“The Toothaches” QI team comprised the entire dental staff, from front desk clerk to dentist. The team decided use the DMAIC methodology and Six Sigma tools to address the issue.
After establishing a project charter, the team used four steps to define the problem. A stakeholder and needs chart was completed for clients, billers and employers, insurance providers, and the leadership team. Clearly, an enhanced billing process would benefit all stakeholders. Next, a cost of poor quality chart was completed, noting the dental program's pain points and annualized “cost.” In addition to resources, another cost of a poor dental billing process included low patient satisfaction. The team developed a line graph to display the lost revenue for each quarter of FY 2014–2015 and how it compared with the average and the target. Finally, a Gantt chart was used for the project’s timeline, which was completed over 7 months.
Six steps were then conducted to measure the problems with the billing process. First, a flowchart of the dental program billing process was completed, followed by applying the eight wastes. Identified wastes fell into the categories of defects and rework, overproduction, unused talent, and extra processing, and they provided insights for process improvements. Next, the team collected data on the reasons for denied claims, by quarter, for FY 2014–2015 and entered them into a spreadsheet. The data were entered into a Pareto chart, which identified “provider not credentialed” and “noncovered service or benefit” as the two problems that occurred most frequently (combined, they represented 88% of all problems). These same data were then used to show the denial amount (i.e., how much funding was denied for each reason for denials). Collectively, both problems represented 83% of the denied amount of funding and thus remained the primary areas for improvement. The team established two targets (a 70% reduction in claims denied as a result of noncredentialing and a 47% reduction in claims denied as a result of noncovered services). If achieved, these targets would reduce denials to $2,500 per quarter.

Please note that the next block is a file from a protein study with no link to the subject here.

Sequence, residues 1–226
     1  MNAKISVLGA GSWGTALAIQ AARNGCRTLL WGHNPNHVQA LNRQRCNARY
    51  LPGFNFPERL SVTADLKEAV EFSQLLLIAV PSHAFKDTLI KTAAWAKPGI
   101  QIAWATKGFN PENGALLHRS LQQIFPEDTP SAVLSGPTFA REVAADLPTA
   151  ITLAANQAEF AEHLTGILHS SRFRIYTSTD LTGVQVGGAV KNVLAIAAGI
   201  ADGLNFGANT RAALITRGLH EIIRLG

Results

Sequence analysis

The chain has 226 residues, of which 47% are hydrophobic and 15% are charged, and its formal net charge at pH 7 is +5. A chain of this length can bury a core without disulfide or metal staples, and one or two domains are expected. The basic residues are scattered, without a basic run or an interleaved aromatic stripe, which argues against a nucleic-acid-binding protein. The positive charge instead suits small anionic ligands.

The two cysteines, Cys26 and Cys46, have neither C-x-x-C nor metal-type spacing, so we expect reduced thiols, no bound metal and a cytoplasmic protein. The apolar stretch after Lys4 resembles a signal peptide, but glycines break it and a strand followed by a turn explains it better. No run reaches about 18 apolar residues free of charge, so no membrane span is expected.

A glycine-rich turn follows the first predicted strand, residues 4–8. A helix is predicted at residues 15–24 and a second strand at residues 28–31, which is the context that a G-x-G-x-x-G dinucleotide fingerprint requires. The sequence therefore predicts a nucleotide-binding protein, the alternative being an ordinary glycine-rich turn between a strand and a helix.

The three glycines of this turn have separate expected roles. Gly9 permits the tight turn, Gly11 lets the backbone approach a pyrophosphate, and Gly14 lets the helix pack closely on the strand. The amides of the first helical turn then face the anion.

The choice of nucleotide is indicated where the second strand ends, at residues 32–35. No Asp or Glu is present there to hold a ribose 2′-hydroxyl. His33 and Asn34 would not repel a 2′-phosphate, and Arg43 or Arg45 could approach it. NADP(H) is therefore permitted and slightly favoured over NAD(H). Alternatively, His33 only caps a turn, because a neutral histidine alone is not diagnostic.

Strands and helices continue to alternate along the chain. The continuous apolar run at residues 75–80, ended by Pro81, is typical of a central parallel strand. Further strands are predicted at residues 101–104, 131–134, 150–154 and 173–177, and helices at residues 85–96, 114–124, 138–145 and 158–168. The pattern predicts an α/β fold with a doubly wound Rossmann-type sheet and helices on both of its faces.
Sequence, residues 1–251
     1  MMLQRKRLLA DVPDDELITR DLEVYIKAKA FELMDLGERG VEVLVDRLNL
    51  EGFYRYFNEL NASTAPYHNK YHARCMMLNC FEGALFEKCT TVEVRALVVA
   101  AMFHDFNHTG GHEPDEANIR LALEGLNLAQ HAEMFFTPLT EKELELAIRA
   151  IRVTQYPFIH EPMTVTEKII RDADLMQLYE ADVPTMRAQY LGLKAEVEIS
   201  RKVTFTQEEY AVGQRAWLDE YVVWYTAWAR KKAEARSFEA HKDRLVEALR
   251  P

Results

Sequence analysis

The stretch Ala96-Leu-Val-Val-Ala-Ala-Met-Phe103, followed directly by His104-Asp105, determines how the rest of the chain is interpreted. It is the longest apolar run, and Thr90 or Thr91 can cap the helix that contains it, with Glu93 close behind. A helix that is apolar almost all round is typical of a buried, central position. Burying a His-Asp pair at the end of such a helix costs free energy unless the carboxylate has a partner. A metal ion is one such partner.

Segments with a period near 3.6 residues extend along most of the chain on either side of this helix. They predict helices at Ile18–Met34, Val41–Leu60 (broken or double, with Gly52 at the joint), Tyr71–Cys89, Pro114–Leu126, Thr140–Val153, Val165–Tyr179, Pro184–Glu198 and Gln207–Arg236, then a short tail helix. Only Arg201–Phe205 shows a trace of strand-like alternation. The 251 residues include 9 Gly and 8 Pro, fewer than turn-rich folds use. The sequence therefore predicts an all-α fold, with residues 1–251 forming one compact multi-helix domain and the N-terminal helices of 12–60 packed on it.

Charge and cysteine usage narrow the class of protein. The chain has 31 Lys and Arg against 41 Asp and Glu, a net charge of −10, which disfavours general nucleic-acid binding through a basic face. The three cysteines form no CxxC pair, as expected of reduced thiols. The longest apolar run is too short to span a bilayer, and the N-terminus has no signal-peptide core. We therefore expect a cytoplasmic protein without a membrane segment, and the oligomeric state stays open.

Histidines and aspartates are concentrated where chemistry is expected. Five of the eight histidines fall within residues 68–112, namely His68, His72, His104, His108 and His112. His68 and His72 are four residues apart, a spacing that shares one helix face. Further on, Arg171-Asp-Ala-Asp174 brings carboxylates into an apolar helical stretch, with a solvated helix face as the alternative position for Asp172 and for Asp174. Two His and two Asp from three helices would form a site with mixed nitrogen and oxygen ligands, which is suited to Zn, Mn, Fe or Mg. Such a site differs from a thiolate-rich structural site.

Next came a further analysis of the problem. A fishbone diagram was completed for both types of denied claims, followed by a root cause verification matrix. The matrices indicated that the credentialing problem was due to providers not being trained on the provider system, and the noncovered services were a problem because there was no written policy for noncovered charges. Equipped with this information, the team moved on to developing solutions.
For the improve phase, the team undertook three steps. First, the team developed a countermeasures matrix to address each root cause, resulting in seven practical methods. This step was followed by a barrier and aids analysis for the seven methods. The final step was to develop an action plan, using a Gantt chart, to implement the practical methods.
The final phase, control, is ongoing; staff developed a control chart to monitor the amount of lost revenue from denied dental claims on a quarterly basis.